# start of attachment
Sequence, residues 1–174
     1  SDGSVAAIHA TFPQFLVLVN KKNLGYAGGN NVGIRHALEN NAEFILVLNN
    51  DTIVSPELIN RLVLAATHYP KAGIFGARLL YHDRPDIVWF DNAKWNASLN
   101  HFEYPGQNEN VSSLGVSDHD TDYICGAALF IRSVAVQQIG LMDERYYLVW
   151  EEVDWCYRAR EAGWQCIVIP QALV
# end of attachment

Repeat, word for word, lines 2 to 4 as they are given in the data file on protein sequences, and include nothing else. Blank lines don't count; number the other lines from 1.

     1  SDGSVAAIHA TFPQFLVLVN KKNLGYAGGN NVGIRHALEN NAEFILVLNN
    51  DTIVSPELIN RLVLAATHYP KAGIFGARLL YHDRPDIVWF DNAKWNASLN
   101  HFEYPGQNEN VSSLGVSDHD TDYICGAALF IRSVAVQQIG LMDERYYLVW